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diyAudio Member

Join Date: Nov 2006
Location: Indiana
Blog Entries: 1
Quote:
 Originally Posted by DF96 Nice to see some real engineering in the forum! This calculation does for the last capacitor in a PSU the same sort of job which a ripple calculation does for the first capacitor. For some SS power amps they may be the same capacitor, in which case I think the ripple calculation dominates. Your delta-V is set by the amp PSRR and the required headroom, just like for the ripple calc. By oversizing the transformer you can reduce the cap size. However, it could be that for some amps the gain depends on supply rail voltage so delta-V may need to be kept small to reduce IM.
Thanks, DF. I really appreciate that, especially coming from you. (But I probably feel more like an engineering student than an engineer, at least on this subject.)

Yes, I had decoupling caps in mind, partially, but also just the ablity of a cap, in any situation, to be an accurate source for low-frequency maximum-amplitude sine output currents (or any frequency).

I also noticed that if we take the equation relating frequency content and rise time that I saw in Henry Ott's EMC Engineering book, trise = 1 / (πf) and substitute it into, for example, equations like 13a, 13b, and even 17, as a Δt in the numerator, those equations suddenly look much more familiar. I just thought that was interesting.

By the way, I did verify that LT-Spice simulations give _exactly_ the same numbers as the equations do.

Last edited by gootee; 11th January 2013 at 10:21 PM.

diyAudio Member

Join Date: Nov 2006
Location: Indiana
Blog Entries: 1
Quote:
 Originally Posted by DF96 Nice to see some real engineering in the forum! This calculation does for the last capacitor in a PSU the same sort of job which a ripple calculation does for the first capacitor. For some SS power amps they may be the same capacitor, in which case I think the ripple calculation dominates. Your delta-V is set by the amp PSRR and the required headroom, just like for the ripple calc. By oversizing the transformer you can reduce the cap size. However, it could be that for some amps the gain depends on supply rail voltage so delta-V may need to be kept small to reduce IM.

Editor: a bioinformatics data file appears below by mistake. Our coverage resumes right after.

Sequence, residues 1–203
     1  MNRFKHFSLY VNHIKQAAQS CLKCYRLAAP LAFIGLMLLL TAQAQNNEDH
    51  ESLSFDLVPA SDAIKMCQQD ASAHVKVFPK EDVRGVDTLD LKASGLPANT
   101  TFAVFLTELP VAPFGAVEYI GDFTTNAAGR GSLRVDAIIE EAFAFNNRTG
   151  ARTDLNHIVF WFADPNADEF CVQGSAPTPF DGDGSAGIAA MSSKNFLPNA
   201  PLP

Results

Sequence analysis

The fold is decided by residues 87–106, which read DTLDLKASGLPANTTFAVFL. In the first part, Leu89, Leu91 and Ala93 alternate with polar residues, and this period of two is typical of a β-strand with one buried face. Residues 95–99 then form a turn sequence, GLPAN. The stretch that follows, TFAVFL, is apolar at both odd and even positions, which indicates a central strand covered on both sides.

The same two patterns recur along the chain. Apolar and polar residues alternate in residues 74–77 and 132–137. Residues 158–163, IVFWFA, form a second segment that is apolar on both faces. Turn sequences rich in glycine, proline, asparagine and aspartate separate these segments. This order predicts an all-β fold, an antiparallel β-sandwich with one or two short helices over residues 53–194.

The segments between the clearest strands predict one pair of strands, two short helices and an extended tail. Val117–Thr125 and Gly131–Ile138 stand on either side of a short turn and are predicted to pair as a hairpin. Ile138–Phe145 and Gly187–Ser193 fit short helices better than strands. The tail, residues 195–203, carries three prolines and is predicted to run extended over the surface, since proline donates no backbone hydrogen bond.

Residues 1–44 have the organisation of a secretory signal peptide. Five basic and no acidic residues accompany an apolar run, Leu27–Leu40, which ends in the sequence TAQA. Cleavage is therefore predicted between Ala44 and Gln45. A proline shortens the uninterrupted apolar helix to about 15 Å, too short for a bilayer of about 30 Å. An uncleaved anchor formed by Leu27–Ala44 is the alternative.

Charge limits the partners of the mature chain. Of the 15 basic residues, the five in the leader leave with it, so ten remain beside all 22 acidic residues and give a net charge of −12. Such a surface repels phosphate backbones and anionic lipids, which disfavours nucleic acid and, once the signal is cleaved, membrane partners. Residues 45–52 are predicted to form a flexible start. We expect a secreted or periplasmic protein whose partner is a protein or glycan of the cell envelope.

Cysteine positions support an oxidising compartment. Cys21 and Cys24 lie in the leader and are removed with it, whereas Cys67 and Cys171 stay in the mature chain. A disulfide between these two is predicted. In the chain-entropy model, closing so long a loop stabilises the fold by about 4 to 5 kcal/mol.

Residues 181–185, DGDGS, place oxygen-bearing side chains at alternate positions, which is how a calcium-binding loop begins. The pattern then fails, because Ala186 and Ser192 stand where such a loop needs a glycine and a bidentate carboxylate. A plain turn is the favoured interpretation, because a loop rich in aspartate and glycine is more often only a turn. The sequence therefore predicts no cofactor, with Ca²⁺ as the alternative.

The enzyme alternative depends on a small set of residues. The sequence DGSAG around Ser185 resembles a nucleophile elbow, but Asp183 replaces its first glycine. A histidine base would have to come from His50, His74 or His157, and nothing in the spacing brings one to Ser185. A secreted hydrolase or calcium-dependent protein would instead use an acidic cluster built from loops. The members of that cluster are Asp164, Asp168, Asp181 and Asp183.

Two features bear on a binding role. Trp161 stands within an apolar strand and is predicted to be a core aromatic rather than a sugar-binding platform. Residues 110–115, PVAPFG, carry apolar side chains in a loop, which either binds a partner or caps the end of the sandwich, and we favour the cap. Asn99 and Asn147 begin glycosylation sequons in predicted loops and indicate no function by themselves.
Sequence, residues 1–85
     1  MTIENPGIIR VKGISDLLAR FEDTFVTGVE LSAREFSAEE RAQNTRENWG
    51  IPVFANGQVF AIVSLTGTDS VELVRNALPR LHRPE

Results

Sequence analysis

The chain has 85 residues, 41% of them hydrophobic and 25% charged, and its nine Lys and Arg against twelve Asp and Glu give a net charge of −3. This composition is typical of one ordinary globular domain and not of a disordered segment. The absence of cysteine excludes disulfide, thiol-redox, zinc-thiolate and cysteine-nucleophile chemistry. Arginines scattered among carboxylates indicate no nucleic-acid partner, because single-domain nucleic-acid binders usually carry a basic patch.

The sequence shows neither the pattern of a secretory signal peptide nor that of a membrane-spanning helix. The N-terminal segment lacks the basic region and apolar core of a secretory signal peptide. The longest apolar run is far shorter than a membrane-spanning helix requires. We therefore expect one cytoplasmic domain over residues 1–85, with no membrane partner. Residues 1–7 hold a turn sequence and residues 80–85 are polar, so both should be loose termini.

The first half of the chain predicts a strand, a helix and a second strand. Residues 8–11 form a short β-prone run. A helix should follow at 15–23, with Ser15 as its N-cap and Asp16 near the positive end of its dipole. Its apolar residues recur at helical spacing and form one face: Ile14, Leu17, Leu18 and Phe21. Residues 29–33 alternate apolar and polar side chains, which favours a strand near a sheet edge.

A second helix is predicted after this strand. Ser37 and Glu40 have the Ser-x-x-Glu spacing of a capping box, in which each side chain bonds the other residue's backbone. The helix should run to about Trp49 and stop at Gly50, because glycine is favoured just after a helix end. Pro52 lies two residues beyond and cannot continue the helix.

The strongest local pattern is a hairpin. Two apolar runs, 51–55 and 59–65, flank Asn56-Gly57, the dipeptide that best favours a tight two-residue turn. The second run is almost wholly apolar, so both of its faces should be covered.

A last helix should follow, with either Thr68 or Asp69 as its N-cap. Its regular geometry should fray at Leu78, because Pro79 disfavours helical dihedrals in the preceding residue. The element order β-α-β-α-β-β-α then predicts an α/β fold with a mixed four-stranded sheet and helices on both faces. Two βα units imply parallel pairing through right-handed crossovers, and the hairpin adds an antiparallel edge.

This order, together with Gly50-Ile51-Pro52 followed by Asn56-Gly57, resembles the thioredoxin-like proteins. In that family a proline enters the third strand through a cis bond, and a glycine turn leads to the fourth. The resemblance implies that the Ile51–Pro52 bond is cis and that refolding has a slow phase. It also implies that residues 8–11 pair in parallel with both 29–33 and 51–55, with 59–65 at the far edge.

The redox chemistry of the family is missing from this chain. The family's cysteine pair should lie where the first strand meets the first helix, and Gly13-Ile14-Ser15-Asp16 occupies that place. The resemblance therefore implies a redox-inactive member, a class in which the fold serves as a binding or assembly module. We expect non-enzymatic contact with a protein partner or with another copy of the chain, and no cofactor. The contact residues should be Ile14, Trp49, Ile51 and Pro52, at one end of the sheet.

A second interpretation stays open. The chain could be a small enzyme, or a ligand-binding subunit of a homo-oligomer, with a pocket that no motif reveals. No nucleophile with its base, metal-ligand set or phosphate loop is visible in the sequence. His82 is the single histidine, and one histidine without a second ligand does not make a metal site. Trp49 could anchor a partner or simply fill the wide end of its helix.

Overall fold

DF,

How would we set the Δv_max based on the PSRR and the required headroom?

Also, after thinking about it again, I don't believe that we can say that the ripple calculation would "dominate". I think that "the ripple calculation" would be dependent on the current-supplying events required by the music signal. When real music is playing, at significant output power levels, we will almost never see a textbook-type periodic ripple waveform. We WILL see ripple CURRENT that IS, almost exactly, the music signal. And due to the caps' ESRs and the voltage variation due to the music current being discharged, the ripple voltage might then also somewhat-resemble the music signal. I showed the caps' currents, almost exactly matching the music signal, before, at:

Power Supply Resevoir Size

So what actually happens?

Without the rectifiers in the circuit, the caps' voltage would be according to equation 11 that I gave before:

(11a): v(t) = (1/C) ∫ i(t) dt + ESR∙i(t) - ESR∙i(0) + v(0)

where the integral is from 0 to t.